Kenosha County Wisconsin, with a population of approximately 150,000, is tucked into the extreme southeast corner of the state. Kenosha County is bordered on the east by Lake Michigan and runs approximately 30 miles to the west to the Walworth County line. It is 12 miles wide running north and south and is boarded on the north by Racine County and on the south by Lake and McHenry Counties in Illinois. It is basically divided east and west by Interstate 94, but prior to the late 1950s by a four-lane highway known as Highway 41. It became a common reference when dealing with calls for service that the two primary patrol area's were called "the east end", everything east of Interstate 94 and the most populated, and the "the west end", everything west of Interstate 94 and the least populated.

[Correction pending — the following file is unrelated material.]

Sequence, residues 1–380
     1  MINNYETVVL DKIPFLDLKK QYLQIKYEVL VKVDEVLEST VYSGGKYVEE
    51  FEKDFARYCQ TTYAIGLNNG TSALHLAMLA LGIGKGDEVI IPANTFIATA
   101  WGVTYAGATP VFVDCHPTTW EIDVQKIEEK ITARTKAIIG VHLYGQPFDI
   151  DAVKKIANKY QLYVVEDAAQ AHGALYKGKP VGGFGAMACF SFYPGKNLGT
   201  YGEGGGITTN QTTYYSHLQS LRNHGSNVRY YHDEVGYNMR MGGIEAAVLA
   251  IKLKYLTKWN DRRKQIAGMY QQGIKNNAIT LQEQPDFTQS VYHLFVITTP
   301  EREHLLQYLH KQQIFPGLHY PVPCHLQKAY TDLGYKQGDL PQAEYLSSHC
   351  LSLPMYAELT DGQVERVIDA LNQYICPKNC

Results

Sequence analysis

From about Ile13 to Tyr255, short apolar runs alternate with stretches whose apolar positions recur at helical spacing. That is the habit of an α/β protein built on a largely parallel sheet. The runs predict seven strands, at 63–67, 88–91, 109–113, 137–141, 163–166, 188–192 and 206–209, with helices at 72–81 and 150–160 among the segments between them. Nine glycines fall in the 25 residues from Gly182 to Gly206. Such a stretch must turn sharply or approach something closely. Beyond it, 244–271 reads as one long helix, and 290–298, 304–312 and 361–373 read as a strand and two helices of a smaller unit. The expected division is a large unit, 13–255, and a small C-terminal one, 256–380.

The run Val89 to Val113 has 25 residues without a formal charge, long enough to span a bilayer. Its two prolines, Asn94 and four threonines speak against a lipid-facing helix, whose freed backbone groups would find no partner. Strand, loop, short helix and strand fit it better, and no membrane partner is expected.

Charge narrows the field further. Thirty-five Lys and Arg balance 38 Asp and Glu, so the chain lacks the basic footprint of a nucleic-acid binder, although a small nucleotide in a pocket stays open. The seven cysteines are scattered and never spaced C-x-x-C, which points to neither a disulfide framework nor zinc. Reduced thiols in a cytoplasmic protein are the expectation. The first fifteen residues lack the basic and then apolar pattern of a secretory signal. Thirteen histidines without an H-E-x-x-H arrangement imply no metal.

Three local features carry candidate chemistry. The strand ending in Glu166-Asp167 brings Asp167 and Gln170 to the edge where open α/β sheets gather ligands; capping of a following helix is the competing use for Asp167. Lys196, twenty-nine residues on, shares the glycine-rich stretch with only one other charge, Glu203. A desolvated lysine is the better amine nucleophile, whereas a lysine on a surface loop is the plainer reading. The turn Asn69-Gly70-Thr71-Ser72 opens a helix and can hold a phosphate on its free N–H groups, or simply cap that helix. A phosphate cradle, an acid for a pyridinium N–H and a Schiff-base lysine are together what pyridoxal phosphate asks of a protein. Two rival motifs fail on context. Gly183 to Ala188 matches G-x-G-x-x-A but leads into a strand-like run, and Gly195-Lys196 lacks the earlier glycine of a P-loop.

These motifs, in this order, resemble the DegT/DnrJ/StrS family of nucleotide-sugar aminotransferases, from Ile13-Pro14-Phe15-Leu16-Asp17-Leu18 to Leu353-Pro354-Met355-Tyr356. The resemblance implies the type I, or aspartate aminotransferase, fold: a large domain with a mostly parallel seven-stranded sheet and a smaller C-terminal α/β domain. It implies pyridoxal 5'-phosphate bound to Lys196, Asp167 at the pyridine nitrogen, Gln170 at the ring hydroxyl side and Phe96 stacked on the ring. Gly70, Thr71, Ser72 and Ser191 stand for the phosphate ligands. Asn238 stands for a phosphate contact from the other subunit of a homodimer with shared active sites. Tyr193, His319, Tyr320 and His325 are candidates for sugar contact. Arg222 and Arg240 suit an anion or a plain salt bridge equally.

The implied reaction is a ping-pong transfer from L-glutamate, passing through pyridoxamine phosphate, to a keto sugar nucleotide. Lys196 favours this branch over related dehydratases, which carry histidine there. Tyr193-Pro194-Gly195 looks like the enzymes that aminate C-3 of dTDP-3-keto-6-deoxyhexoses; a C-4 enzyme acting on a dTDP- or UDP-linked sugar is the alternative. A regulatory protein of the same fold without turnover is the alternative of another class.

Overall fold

The first sheriff of Kenosha County, which was then called Southport, was E.G.Hugunin. The Sheriff's Office remained relatively small for about 100 years with sheriff's usually working by themselves or in special circumstances they would employ reserve or "special deputy sheriff's" appointed by the standing sheriff to assist in law enforcement instead of using full time employees.
By the late 1920s, Kenosha County had approximately 400 reserve deputies, but only about 15 full-time deputy sheriffs. Reserve deputies were allowed to carry a badge of their own design and a gun. At other times the sheriff would design the badge his deputies would carry. As a result there were a great deal of different badge designs out in the community that we are still discovering today.
Control of what the deputies were doing was pretty loose, but the advent of liability issues had not yet surfaced. The jail was not much more than a large house where the sheriff lived with only a few cells. Beginning in the early 1900s until the late 1930s, having a motorcycle greatly enhanced your chances of getting a position with the department as motorcycle patrol were popular, versatile, cheap to operate and the county did not have to buy one.